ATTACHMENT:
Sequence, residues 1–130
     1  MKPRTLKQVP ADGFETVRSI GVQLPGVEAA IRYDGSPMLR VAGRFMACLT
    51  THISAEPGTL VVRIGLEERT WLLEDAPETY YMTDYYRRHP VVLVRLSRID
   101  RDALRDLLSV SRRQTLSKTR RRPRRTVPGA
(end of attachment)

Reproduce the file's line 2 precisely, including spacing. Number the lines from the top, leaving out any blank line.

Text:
     1  MKPRTLKQVP ADGFETVRSI GVQLPGVEAA IRYDGSPMLR VAGRFMACLT